It is easy to check that if *ν*_{0}>0, (3.2) is a positive function and if *λ*>1 then *λ*_{1}=*λ*_{2}<1 (see (3.1)). On the contrary, if *ν*_{0}<0 then (3.2) is a *negative* function and from (3.1) we have that if *λ*>1 then *λ*_{1}=*λ*_{2}>1, which corresponds to the lateral expansion observed in auxetic materials.

The Blatz–Ko's function *ν*(*λ*) is plotted in figure 1 for different values of the infinitesimal Poisson ratio *ν*_{0}. For *ν*_{0}>0, *ν*(*λ*) has a vertical asymptote at *λ*=0 and monotonically decreases to 0. For *ν*<0, it achieves the minimum at *λ*=0 (*ν*(0)=−1) and then monotonically increases to its horizontal asymptote at 0. The functional dependence for *ν*_{0}>0 has proved to be particularly effective in modelling the behaviour of certain compressible foams at large strain (see for instance [12,14]).

The class of Blatz–Ko materials (3.1) can, hence, be extended trivially to describe an auxetic material when *ν*_{0} in (3.1) is negative.

We point out that with (3.3), the computation of the corresponding ∂*W*_{3}/∂*J*_{3} from equation (2.16) is a simple matter and it gives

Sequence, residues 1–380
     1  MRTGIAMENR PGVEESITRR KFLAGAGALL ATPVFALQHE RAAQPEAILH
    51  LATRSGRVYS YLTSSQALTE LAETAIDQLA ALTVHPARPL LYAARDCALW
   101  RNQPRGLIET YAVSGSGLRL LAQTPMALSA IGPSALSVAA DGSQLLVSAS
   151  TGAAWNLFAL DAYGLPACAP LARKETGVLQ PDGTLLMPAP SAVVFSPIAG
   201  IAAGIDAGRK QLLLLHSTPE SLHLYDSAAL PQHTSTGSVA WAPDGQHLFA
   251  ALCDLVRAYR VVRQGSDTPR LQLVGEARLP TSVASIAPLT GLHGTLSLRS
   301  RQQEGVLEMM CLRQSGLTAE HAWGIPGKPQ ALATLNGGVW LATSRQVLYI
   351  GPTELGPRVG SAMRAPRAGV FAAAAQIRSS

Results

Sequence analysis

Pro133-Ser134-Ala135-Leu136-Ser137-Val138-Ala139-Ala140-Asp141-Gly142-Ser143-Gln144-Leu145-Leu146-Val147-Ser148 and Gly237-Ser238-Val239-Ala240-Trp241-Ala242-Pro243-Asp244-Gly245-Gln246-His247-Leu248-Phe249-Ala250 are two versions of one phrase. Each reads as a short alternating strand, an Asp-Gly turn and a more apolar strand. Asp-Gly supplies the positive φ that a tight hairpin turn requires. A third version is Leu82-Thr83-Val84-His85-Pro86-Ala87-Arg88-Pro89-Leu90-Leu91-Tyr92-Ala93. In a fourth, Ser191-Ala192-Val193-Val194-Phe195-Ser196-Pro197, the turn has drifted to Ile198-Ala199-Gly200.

3.4

To highlight the difference between the standard case *ν*_{0}>0 and the auxetic case *ν*_{0}<0, we now consider a deformation given by a simple shear superimposed to a triaxial extension. This problem was studied in [21] for the generalized Blatz–Ko material with *ν*_{0}>0. The corresponding deformation is
3.5where *K* is the amount of shear and *λ*_{i} (*i*=1,2,3) are the stretches associated with the triaxial extension. Under this deformation, a square in the *X*,*Y* -plane is transformed into a parallelogram in the *x*,*y*-plane. If we confine ourselves to the case *λ*_{3}=1 (*J*_{3}=*λ*_{1}*λ*_{2}) and we require that both *σ*_{22} (normal traction on the top side of the parallelogram) and the traction on the slanted side of the parallelogram are null, we have to determine *λ*_{1} and *λ*_{2} from the equations [21]
3.6and
3.7where we have used the inverse function of (2.10), i.e. *h*(*J*_{3}).

For *f*=0, the solution of (3.6) and (3.7) is given by
3.8By using equation (2.10), and by substituting the first equation into the second, we obtain
3.9in terms of the function *g* in (2.8).

For *f*=1, the solution of (3.6) and (3.7) is computed from
3.10and one obtains
3.11

Once *λ*_{1} and *λ*_{2} are calculated, the normalized shear stress is
3.12which may be expressed as the function of the amount shear only. From simple computations, we have that the case *f*=1 is of no interest because in this situation *σ*_{12} does not depend on *ν*_{0}, regardless of the constitutive choice made for *λ*_{1}. On the contrary, for *f*=0, we obtain
3.13that depends on the assumed functional dependence of the lateral stretch *λ*_{1}.